Sex, Drugs, and HIV/AIDS in Brazil

Sex, Drugs, and HIV/AIDS in Brazil

Sex, Drugs, and HIV/AIDS in Brazil

Sex, Drugs, and HIV/AIDS in Brazil

Synopsis

At the beginning of the twenty-first century, Brazil ranked second only to the United States in the number of reported cases of AIDS. Because Brazil's extensive poverty and inequality, its fragile economic situation, and its limited network of health services, the scarce prevention/intervention resources targeted only the most visible at risk populations -- gay men, sailors, prostitutes, and street children. Virtually forgotten were Brazil's hidden drug users, as well as the tens of millions of individuals living in the country's thousands of favelas, or shantytowns, which are a characteristic part of almost every Brazilian city. In Sex, Drugs, and HIV/AIDS in Brazil the authors examine the emergence of AIDS in Brazil, its linkages to drug use and the sexual culture, and its epidemiology in such populations as cocaine users, "street children," and male transvestite prostitutes. Special attention is focused on an HIV/AIDS community outreach program established in Rio de Janeiro, which represented the first such prevention/intervention program in all of Brazil targeting indigent cocaine users. This 6-year initiative was funded by the U. S. National Institute on Drug Abuse, and carried out by the authors of this book. The research combines anthropological, sociological, and biological perspectives; all data were gathered through empirical and ethnographic techniques.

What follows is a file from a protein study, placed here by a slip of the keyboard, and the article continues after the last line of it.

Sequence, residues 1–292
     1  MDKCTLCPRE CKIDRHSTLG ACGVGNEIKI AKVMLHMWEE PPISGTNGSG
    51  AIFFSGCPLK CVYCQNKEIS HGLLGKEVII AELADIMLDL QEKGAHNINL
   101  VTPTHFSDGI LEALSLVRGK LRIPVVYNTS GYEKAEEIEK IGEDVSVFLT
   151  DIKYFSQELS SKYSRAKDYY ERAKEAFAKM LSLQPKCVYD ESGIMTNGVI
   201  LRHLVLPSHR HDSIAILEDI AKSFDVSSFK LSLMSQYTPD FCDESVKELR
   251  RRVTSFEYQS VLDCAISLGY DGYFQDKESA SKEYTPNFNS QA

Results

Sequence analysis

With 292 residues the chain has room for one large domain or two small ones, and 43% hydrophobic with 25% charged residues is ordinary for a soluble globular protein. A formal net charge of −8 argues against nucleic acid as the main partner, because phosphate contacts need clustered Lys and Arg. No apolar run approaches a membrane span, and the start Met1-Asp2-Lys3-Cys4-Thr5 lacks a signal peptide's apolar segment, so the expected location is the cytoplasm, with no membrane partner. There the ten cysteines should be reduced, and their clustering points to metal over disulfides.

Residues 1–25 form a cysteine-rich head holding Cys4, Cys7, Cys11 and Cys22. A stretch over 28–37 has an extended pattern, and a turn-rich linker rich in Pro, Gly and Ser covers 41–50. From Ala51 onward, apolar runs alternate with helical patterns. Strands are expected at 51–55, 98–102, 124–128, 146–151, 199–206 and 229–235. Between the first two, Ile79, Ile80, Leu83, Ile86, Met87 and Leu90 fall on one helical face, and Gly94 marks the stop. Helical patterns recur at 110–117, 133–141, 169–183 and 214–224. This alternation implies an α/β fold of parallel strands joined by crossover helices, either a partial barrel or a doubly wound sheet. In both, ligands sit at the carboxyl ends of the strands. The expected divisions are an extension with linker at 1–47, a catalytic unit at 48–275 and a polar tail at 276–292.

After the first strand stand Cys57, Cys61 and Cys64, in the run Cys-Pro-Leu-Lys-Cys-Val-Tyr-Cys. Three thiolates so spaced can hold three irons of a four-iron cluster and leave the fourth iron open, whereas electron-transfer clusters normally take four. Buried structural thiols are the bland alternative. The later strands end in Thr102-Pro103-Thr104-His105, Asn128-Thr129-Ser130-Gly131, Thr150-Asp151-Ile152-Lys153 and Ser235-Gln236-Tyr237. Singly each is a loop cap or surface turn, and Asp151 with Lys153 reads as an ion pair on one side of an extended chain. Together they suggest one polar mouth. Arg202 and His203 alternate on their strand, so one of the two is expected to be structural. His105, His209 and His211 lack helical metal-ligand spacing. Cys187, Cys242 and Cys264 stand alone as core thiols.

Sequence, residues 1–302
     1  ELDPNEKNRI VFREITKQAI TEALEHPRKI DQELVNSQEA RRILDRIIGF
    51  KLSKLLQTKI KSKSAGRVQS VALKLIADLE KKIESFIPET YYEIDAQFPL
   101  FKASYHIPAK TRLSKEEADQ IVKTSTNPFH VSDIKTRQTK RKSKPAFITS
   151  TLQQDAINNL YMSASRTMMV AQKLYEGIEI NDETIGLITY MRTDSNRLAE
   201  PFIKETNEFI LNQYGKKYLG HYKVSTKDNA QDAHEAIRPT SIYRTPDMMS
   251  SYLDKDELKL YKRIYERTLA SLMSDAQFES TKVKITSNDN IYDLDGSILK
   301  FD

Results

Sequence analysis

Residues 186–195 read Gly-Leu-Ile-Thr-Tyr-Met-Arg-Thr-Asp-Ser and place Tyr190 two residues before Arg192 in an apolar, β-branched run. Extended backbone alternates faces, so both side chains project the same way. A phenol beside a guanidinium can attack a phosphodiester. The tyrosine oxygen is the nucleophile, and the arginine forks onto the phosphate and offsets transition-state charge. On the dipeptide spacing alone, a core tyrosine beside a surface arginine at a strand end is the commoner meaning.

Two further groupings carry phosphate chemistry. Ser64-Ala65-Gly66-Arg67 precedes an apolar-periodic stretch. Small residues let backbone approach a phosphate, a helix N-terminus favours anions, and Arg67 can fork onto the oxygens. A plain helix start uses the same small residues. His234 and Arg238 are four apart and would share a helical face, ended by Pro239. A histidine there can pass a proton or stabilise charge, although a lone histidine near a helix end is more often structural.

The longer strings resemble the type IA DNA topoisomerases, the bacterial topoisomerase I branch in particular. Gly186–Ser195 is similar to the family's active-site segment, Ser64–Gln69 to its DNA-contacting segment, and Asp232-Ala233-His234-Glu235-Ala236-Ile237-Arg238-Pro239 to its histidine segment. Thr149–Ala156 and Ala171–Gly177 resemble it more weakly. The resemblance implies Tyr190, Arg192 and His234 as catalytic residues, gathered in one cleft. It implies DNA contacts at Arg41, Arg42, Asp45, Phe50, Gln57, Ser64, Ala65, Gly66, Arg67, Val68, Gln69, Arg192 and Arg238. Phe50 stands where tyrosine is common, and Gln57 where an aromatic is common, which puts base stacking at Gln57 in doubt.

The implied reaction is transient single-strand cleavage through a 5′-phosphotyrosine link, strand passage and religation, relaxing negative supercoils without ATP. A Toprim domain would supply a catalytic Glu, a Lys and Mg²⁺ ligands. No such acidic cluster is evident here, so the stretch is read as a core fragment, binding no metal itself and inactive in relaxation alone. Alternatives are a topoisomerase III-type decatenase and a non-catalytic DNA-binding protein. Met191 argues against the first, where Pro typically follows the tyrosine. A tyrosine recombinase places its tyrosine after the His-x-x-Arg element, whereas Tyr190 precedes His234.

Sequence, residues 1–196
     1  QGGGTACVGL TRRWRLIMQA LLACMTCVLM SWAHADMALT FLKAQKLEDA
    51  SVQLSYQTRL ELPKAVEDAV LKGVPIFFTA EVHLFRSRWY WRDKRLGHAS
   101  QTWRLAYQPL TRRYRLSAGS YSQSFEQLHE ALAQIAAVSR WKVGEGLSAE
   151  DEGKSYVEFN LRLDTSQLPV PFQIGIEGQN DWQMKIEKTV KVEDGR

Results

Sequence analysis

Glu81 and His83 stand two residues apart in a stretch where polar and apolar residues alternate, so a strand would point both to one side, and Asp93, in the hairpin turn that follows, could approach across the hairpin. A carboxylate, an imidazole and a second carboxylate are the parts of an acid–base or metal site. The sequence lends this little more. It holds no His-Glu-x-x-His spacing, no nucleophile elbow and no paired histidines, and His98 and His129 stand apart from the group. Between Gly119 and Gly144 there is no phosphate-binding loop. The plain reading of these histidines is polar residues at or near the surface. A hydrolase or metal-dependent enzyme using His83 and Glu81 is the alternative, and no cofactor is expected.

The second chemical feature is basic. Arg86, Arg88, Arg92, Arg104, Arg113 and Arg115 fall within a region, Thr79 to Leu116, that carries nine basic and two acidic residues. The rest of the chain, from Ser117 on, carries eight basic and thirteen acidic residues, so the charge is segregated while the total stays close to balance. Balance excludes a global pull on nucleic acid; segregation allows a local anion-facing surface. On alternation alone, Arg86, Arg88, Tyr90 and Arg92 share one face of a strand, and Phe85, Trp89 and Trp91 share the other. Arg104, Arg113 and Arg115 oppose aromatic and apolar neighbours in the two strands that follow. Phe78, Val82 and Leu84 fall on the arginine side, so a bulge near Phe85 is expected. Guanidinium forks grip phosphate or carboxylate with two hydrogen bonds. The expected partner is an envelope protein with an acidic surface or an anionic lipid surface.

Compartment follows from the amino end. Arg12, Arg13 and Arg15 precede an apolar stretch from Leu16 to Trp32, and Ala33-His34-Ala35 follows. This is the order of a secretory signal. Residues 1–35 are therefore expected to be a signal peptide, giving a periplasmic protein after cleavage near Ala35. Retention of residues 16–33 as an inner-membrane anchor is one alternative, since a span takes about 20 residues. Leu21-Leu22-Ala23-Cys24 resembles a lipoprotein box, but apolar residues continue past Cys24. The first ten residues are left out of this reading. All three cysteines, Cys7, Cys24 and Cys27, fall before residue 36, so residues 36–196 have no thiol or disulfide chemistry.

Excerpt

Since its settlement by the Portuguese in the 16th century, Brazil has provided ceaseless fascination for people in other parts of the world. Brazil has gold, rubber, and coffee. During and after World War II it was a place of refuge, and more recently it boasts the sights and sounds of the world's fifth largest nation. and then there are the Brazilians themselves, who enjoy one of the richest musical cultures in the world. Clearly the most sophisticated popular music across the globe, Brazilian "world beat" is a sensuous mélange of African, Indian, European, and American influences. Nightly in any major city, one can find internationally known jazz artists, regional musicians specializing in native rhythms, and both world-class and local dancers executing the complex moves of the bossa nova, lambada, pagode, and of course, the samba. and not to be forgotten is Antônio Carlos Jobim's "The Girl from Ipanema," considered by the music industry to be the most popular song ever recorded.

The geography of Brazil also is unique, diverse, and captivating. With the exception of Chile and Ecuador, Brazil borders every country in South America and occupies almost half the continent. There are the coastal mountain ranges, the vast wetlands of the Pantanal, and the lush Amazon basin and rain forest.

But despite its beauty and richness, Brazil faces many problems. For example, the country experiences major environmental challenges, which place much of its vast natural wealth under continuous threat. There is pollution and poaching in the Pantanal, where upwards of two million animals are killed each year. There is the exploitation and destruction of the Amazon. This large, complex, and fragile ecosystem- comprising one-tenth of the Earth's plant and animal species, producing one-fifth of the world's oxygen, and containing one-fifth of the planet's fresh water—is endangered through the clearing of rain forests, stripping of entire ecosystems for mines, and damming of rivers. Among the people of Brazil there is extensive poverty and inequality, exacerbated by the country's weak and uneven economic situation. Moreover, the geography, climate, economy, and poverty combine to place large segments of . . .

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